Subra Suresh - New way to model sickle cell behavior
Acoustic device can rapidly isolate circulating tumor cells from patient blood samples.
Anne Trafton | MIT News Office
April 6, 2015
cells often break free from their original locations and circulate
through the bloodstream, allowing them to form new tumors elsewhere in
the body. Detecting these cells could give doctors a new way to predict
whether patientsí tumors will metastasize, or monitor how they are
responding to treatment, but finding these extremely rare cells has
proven challenging because there might be only one to 10 such cells in a
1-milliliter sample of a patientís blood.
A team of engineers from MIT, Penn State University, and Carnegie
Mellon University is developing a novel way to isolate these cells:
using sound waves to separate them from blood cells.
Their new cell-sorting device is 20 times faster than the original
version that they first reported last year, approaching the speed that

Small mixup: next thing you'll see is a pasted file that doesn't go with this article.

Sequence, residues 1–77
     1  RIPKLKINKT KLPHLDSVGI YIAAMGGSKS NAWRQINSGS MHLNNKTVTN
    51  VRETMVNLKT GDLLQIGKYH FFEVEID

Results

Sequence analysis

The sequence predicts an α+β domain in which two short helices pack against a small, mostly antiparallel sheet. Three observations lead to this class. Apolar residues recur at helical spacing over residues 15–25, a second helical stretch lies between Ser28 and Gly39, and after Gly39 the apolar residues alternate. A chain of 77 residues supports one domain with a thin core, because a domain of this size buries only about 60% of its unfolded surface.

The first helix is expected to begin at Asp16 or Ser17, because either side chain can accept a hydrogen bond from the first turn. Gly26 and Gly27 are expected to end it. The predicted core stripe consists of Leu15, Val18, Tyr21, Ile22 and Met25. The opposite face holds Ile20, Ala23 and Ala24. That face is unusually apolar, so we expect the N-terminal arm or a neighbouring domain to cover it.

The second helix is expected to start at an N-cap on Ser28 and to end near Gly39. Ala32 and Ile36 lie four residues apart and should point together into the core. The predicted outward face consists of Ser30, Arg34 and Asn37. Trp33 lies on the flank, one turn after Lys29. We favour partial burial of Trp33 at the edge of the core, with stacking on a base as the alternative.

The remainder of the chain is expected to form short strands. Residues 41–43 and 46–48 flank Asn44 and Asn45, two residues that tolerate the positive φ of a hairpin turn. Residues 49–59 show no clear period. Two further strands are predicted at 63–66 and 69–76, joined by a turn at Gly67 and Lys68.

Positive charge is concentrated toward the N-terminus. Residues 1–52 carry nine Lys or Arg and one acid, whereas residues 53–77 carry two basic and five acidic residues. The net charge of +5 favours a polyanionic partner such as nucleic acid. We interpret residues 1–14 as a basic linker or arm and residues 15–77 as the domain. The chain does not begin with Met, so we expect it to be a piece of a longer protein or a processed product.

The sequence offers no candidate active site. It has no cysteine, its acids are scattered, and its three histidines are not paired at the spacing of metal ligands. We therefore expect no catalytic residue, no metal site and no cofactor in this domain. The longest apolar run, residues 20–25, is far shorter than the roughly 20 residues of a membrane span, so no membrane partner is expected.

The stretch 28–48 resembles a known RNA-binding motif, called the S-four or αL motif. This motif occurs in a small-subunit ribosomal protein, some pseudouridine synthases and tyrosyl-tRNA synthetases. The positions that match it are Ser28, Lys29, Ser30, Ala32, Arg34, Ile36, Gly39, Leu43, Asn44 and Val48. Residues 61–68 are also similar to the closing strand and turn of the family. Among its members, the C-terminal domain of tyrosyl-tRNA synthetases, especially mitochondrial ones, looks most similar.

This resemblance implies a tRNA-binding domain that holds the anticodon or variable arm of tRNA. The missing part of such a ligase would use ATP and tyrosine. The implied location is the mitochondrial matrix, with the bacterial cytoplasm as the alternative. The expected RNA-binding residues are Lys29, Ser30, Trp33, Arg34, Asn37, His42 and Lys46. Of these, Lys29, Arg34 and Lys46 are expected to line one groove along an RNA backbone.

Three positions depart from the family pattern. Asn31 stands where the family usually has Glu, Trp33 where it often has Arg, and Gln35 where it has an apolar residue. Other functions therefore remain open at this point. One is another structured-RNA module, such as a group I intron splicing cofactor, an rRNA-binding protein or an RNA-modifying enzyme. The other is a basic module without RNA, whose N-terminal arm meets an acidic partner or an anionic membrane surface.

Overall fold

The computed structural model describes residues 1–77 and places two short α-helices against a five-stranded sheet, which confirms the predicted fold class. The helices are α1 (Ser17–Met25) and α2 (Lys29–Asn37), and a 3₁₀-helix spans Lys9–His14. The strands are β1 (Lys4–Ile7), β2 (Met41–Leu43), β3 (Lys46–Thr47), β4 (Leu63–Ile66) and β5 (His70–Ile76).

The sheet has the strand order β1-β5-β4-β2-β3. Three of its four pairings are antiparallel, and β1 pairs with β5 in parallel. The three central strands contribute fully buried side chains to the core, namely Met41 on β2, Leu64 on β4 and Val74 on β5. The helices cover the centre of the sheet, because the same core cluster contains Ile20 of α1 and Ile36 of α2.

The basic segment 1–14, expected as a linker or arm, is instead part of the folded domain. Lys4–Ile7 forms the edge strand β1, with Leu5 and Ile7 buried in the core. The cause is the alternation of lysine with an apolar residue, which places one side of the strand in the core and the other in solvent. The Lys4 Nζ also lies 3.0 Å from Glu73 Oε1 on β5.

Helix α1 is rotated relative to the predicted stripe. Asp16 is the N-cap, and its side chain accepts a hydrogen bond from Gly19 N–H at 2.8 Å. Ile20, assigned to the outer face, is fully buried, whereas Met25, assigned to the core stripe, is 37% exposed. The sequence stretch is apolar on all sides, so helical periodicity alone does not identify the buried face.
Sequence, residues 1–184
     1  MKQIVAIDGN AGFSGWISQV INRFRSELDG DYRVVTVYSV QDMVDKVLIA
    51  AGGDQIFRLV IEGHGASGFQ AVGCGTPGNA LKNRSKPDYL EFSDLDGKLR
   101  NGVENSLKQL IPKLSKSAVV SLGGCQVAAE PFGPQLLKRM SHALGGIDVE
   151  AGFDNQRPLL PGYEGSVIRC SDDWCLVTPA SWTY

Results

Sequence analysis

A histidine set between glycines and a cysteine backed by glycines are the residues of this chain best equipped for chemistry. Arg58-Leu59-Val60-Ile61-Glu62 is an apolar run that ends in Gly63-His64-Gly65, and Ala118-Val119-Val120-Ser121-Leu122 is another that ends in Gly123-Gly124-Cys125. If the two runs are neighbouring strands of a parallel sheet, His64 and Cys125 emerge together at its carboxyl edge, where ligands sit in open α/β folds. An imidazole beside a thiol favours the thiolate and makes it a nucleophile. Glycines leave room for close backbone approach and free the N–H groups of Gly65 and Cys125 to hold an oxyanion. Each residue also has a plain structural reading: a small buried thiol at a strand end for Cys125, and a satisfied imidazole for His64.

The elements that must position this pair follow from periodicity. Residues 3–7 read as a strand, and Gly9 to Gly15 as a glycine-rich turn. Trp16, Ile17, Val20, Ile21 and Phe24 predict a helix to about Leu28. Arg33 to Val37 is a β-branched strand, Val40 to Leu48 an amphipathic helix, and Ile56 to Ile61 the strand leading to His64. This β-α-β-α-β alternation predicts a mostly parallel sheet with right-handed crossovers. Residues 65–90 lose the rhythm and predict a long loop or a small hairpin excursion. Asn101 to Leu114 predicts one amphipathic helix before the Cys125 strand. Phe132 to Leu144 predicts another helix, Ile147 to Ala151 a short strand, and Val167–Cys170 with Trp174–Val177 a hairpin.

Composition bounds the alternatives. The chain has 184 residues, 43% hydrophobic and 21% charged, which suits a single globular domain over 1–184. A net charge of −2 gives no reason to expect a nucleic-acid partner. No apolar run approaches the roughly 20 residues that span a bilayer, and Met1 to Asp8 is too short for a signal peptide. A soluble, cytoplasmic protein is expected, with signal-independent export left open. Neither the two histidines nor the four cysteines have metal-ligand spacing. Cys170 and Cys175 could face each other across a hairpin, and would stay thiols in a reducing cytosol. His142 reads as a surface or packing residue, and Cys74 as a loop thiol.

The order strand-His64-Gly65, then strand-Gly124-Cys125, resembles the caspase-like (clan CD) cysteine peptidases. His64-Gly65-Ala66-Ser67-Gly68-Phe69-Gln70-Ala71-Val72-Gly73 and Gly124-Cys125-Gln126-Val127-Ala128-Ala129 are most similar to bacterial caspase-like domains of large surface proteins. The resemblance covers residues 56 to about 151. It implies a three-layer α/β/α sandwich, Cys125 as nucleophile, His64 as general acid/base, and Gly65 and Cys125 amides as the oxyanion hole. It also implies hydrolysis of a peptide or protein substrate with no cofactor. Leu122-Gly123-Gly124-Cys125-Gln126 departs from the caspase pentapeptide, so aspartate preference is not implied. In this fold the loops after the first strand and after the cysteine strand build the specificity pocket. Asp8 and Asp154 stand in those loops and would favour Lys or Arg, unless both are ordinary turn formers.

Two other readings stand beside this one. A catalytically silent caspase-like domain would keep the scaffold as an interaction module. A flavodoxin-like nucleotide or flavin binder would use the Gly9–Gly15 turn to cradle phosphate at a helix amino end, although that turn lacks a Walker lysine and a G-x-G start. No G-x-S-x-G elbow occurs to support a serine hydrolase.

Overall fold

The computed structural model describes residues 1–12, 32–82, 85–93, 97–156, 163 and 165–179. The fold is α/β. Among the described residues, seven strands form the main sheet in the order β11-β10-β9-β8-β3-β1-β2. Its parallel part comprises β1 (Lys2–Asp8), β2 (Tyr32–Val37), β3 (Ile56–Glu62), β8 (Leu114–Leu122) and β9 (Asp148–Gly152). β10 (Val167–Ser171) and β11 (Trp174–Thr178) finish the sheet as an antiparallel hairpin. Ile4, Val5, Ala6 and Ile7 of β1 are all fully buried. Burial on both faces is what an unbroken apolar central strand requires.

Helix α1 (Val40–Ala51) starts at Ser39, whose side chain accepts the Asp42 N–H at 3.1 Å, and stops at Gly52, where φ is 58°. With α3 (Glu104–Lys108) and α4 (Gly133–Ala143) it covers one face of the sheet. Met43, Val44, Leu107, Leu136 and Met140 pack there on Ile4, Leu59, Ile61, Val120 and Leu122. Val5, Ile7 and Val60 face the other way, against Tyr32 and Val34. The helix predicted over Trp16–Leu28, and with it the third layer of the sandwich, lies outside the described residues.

would be necessary to make it useful for testing patient blood samples.
The researchers have also demonstrated that the device can successfully
capture circulating tumor cells from patient samples, which could enable
many clinical applications as well as fundamental research on how these
cells escape from their original tumor site.
Ming Dao, a principal research scientist in MITís Department of
Materials Science and Engineering; Subra Suresh, president of Carnegie
Mellon and, at MIT, the Vannevar Bush Professor Emeritus of Engineering
and a former dean of engineering; and Tony Jun Huang, a professor of
engineering science and mechanics at Penn State, are senior authors of a
paper describing the device in the Proceedings of the National Academy of Sciences the week of April 6.
The research team also includes the lead author, Peng Li, a postdoc
at Penn State; Zhangli Peng, a former MIT postdoc who is now an
assistant professor at the University of Notre Dame; and Joseph Drabick,
a professor of medicine at Penn Stateís Hershey Cancer Institute, among